So far, you've probably noticed most of this post has been about how to really use Twitter. And that's because until you really get how to use Twitter, you will struggle to use it well to maximize your blog content. Now on to the good stuff...
  • Build your Twitter following. As you can imagine, this is no easy task, but it's not impossible. If you don't have a Twitter button on your blog, get one. Also, make sure you make it easy for people to tweet your content by using Twitter plug-ins at the end or beginning of your post. That's just a start. Some other ways to build your following include:
    • Import your contacts. Invite them to follow you.
    • Follow others. Oftentimes people will follow you back. Don't expect celebrities to follow you back though. They have thousands of followers.
    • Run contests on your blog that give an option of an entry for following you on Twitter. This is a quick way to get lots of followers.
    • Be interactive with other bloggers on Twitter. Others who see their content may see your interactions as well, and be likely to follow you.
  • Tweet. Tweet. Tweet. One tweet isn't going to cut it. Not if you want to get big. Remember, your tweet will quickly get buried in someone's feed because of the vast amount of tweets being fired off. So you will need to tweet multiple times a day. That may seem overwhelming, but there's an easy way to do this that will satisfy the getting the tweet seen requirement, as well as getting your blog posts seen.
  • The secret is to dissect every blog post you write. No, don't literally cut up your computer monitor. What I mean is this: after you write your post, read through it again and see if you can summarize the gist of your post in 5-7 sentences. Maybe you have 5-7 great sentences in your blog already. These 5-7 sentences suddenly become 5-7 tweets. Write these tweets down in a table. I make an Excel file for this with columns for tweet message, blog post link, date/time posted. This way, with one blog post, you have content for throughout the day. If someone doesn't see your first tweet, or your second, or your third, no big deal. Maybe they'll see your fifth, and that's OK, because it still contains a link to your post and hopefully people will read it.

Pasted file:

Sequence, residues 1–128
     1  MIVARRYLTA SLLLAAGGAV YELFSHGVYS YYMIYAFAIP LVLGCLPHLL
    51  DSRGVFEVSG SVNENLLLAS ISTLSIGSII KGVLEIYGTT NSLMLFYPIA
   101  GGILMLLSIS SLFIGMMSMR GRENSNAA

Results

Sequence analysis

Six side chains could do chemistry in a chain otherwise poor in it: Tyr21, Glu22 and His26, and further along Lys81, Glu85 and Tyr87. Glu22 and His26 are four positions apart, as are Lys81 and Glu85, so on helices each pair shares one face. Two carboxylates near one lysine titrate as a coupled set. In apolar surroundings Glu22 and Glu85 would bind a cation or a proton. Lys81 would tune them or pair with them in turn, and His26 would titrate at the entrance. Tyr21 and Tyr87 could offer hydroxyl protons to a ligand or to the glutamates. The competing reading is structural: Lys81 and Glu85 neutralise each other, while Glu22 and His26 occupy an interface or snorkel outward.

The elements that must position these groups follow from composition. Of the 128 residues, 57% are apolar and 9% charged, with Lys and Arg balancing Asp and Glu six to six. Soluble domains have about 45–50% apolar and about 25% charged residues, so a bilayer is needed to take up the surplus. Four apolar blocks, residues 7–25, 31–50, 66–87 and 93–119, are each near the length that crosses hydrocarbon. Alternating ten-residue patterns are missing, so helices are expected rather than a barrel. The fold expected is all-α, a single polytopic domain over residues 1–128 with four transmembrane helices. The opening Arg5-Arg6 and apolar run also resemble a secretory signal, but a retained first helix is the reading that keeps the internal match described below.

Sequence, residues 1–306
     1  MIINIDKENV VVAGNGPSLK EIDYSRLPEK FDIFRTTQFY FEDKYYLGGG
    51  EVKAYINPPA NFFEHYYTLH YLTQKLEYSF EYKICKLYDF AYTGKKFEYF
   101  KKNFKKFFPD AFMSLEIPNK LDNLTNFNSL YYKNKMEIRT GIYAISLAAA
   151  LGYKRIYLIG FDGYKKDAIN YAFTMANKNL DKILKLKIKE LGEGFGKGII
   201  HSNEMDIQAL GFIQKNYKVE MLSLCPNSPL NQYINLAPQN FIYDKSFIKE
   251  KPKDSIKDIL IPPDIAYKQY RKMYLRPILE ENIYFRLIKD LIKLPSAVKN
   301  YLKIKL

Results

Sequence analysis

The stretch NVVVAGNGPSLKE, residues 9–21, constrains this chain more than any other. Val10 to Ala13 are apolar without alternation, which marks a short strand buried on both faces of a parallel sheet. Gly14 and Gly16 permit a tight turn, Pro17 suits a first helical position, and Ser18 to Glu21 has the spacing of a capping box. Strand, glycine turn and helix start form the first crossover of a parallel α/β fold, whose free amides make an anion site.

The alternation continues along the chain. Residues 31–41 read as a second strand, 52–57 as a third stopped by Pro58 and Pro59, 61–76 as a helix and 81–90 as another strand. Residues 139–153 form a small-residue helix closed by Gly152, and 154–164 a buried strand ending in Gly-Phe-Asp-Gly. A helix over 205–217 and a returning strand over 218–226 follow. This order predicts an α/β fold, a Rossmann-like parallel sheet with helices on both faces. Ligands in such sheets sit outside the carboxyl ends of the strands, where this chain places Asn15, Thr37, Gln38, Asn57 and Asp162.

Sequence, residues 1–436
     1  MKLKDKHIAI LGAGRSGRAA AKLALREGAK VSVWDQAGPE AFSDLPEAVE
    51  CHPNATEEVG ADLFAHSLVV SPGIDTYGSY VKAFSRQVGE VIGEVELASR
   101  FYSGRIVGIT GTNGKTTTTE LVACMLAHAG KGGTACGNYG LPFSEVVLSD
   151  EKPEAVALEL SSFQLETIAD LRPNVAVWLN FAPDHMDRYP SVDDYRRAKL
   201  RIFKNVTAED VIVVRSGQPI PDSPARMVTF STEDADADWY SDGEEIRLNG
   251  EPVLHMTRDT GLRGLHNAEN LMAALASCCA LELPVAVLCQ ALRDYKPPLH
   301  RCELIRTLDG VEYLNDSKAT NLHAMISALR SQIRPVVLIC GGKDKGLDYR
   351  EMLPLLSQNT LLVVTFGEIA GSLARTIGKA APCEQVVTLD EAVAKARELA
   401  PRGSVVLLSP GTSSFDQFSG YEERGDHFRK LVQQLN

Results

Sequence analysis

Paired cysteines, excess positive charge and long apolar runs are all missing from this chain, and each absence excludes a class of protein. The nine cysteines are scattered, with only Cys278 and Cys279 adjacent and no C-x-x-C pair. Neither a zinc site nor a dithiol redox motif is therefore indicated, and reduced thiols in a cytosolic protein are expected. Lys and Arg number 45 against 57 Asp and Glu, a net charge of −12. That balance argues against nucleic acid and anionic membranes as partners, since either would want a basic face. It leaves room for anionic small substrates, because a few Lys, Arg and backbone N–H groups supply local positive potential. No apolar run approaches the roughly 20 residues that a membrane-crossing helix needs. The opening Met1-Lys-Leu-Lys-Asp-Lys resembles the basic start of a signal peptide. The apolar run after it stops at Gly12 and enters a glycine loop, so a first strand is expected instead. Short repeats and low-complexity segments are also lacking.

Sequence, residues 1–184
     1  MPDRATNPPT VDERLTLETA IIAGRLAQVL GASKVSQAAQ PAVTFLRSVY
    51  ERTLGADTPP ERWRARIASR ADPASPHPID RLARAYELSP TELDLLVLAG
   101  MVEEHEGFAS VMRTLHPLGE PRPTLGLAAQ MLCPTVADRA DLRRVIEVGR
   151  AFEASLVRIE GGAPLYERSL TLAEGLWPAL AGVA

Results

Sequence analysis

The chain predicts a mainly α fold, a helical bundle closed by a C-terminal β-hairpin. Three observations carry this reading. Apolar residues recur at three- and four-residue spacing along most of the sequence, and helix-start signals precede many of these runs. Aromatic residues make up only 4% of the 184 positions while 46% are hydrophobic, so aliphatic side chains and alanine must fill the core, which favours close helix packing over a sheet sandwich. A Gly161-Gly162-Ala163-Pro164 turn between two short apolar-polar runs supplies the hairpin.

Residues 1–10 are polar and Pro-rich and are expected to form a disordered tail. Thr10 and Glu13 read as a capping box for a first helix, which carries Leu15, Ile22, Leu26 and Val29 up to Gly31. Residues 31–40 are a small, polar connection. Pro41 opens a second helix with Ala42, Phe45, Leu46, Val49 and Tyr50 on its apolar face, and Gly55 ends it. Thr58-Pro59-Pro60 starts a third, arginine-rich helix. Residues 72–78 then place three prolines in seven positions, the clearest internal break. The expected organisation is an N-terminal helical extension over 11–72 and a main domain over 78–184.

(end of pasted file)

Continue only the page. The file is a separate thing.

• Space out your tweets. If you have 5-7 tweets ready made from your blog, you can space them out every hour or every couple hours. You can do this manually, or you can use any number of services to schedule your tweets. I highly recommend HootSuite. It's definitely worth the minimal cost for their pro version too.
  • Realize your goal with Twitter is not just to get a following, it's to get your content out. Every tweet should contain some sort of actionable item. That could be a link or a question or a request to retweet. If people don't see something for them to do, they'll probably skip over your tweet. And when it comes to your blog, you REALLY want to have a link there because it drives traffic to your blog.